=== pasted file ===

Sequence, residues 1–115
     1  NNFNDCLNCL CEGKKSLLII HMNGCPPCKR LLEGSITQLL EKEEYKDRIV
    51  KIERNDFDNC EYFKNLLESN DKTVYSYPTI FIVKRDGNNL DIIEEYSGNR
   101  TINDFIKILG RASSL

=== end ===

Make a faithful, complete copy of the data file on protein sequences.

Sequence, residues 1–115
     1  NNFNDCLNCL CEGKKSLLII HMNGCPPCKR LLEGSITQLL EKEEYKDRIV
    51  KIERNDFDNC EYFKNLLESN DKTVYSYPTI FIVKRDGNNL DIIEEYSGNR
   101  TINDFIKILG RASSL